While not bound by any particular theory, a close analysis of microwave cardiac processed signals showed that the features (e.g. peaks, valleys) and distances (time extent) between significant features varied for a single individual. This variability of the features was observed to be a function of the change in heart rate over time. In general, when the heart rate of the individual increased, the features (and the distance between the features) were noted to be “compressed” in time, and when the heart rate dropped, the features (and the distance between the features) were seen to be more expanded over time. This is because the microwave cardiac signal captures the cardiac-induced micro-mechanical motions of the chest (or torso), and the blood volume changes due to the heart, where both characteristics are inherently more affected by the heart rate variability. In contrast, the ECG-related part of the microwave signal that captures the electrical activity of the heart may be less sensitive to the heart rate variability.

The “sensitivity” of the microwave cardiac features to the heart rate variability affects the classification accuracy. For individuals that have more or less constant heart rate over time and during different measurement runs, the microwave cardiac signal features are consistent and therefore the biometric identification classification accuracy for such individuals can be very good. However for those individuals whose heart rate changes more rapidly over time, the microwave cardiac features from one beat to another are compressed or expanded, and therefore the identification/classification based on these signals will not be as accurate.

To de-sensitize the microwave cardiac identification algorithm to such feature changes, a novel preprocessing “time-normalization” solution was designed. The heart-beat segmentation algorithm discussed earlier determines the heart rate of an individual over time based on the reflected microwave cardiac signal. In one embodiment, the primary concept is to segment the microwave signal for each beat, and also note the corresponding heart rate at each beat. The microwave signal for each beat based on the heart rate can then be scaled, where microwave signal segments that have a high heart rate are scaled down or expanded in time, and microwave signal segments that have a low heart rate are scaled up or compressed in time. In one embodiment, a high heart rate is about 150 beats per minute while a low heart rate is about 50 beats per minute. This time-based beat-by-beat normalization can ensure that all of the segmented microwave cardiac beats now have features that are aligned better and are less affected by the heart rate variability.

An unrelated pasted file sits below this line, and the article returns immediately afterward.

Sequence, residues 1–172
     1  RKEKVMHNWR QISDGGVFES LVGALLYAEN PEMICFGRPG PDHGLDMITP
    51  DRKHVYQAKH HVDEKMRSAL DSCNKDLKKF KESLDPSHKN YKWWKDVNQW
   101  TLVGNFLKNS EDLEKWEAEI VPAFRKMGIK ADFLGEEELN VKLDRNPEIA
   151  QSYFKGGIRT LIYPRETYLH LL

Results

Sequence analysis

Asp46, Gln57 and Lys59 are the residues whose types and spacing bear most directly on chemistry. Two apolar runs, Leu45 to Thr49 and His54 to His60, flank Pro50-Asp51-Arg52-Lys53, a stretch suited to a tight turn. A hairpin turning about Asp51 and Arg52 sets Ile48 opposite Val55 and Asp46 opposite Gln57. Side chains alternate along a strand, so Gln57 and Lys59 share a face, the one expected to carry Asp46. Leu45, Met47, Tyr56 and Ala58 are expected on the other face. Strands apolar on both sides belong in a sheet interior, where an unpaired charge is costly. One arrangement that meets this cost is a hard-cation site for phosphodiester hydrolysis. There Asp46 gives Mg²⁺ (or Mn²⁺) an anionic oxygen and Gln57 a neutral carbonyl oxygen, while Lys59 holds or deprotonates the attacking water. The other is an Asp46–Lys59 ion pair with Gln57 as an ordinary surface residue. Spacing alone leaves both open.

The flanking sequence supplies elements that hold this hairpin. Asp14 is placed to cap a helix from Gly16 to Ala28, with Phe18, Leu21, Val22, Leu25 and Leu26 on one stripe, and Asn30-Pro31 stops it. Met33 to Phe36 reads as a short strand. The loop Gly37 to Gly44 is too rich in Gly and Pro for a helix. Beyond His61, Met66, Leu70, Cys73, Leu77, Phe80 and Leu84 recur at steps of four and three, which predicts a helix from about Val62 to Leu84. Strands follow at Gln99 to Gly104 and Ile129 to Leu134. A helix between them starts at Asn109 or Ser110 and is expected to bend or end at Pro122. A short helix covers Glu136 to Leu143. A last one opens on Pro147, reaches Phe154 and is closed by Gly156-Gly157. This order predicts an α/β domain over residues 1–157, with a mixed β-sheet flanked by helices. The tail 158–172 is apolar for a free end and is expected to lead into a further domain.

There still may be, however, a slight temporal misalignment of the features between different beat segments. To make the classification algorithm more tolerant to such minor misalignments, the power spectral density (PSD) of each scaled/time-normalized microwave heart-beat signal can be computed and the PSD spectral values passed as inputs to a tree-based classifier. The PSD frequency components are not sensitive to misalignments in the microwave cardiac signals that will be visible in time-domain signal vectors, either due to slight errors in locating the microwave cardiac peaks or due to minor misalignments in the signal features after the time-scaling that may be caused by small errors in heart rate estimates. This two-step time-normalization technique can be added to the preprocessing steps discussed in the section above, and significantly improves the accuracy of the identification classification.